It is pertinent to view this sudden but calculated move of the authoritarian, autocratic, anti-democratic and anti-people regime from the points of view of Dr. Ambedkar who proposed three parameters to assess democracy in a given situation.
Yogendra Yadav highlights this in the following manner: 1) A theory must set out a norm, an ideal of what democracy should be like; 2) It must evaluate the current state of democracy in the light of its ideal and offer a critique; 3) It must spell out a path to a democratic ideal, from where we stand to where we should aim to be.
Grounding himself on the Indian scenario, Dr. Ambedkar offered a theory of cautious and conditional optimism, an optimism drawn from the abstract promise of democracy and a caution rooted in the Indian context.
Ambedkar pointed out that democracy was “a form and a method of government whereby revolutionary changes in the economic and social life of the people are brought about without bloodshed” (Conditions Precedent for the Successful Working of Democracy, 1952).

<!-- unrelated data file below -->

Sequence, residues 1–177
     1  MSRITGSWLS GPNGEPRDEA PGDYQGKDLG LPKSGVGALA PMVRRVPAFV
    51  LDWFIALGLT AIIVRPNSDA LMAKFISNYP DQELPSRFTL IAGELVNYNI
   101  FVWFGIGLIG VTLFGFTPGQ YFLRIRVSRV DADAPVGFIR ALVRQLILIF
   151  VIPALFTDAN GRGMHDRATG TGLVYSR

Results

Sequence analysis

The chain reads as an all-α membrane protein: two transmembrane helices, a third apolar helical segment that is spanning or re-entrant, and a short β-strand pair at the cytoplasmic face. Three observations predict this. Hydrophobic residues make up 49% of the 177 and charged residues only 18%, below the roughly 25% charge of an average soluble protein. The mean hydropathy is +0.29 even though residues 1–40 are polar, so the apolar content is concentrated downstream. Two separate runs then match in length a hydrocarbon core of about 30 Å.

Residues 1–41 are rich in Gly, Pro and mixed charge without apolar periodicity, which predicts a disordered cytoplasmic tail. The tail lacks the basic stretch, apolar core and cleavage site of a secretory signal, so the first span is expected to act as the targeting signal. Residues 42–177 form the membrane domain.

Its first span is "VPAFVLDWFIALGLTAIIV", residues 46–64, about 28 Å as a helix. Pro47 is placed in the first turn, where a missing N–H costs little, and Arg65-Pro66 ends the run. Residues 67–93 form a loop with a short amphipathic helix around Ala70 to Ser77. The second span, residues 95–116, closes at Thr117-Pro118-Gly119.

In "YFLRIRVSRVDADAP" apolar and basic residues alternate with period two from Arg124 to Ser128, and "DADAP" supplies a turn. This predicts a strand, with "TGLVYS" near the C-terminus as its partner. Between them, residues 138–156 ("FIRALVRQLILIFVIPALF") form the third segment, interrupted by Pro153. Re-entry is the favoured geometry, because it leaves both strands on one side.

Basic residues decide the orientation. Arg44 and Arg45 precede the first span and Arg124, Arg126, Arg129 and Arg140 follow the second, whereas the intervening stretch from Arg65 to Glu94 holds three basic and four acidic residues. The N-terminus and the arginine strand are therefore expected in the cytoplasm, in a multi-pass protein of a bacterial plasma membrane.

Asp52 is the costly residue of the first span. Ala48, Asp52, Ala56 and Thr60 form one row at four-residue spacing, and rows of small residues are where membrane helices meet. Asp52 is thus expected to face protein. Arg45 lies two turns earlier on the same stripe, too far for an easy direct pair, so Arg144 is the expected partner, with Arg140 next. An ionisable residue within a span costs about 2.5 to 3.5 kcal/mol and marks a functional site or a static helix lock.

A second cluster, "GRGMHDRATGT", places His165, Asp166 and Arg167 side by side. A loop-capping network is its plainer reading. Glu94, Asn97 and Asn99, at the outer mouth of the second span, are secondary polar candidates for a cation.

Placing equality and fraternity at the heart of democracy, he further stated, “The roots of democracy lie not in the form of Government, Parliamentary or otherwise. A democracy is more than a form of Government. It is primarily a mode of associated living. The roots of Democracy are to be searched in the social relationship, in terms of associated life between the people who form a society” (Prospects of Democracy in India, 1956).
From this perspective the following lines from a social media captures the mood of the citizens of India after the announcement about the withdrawal of the farm laws.
“Today will be a day of celebration.
A celebration of the country’s farmers.
A celebration for the entire country.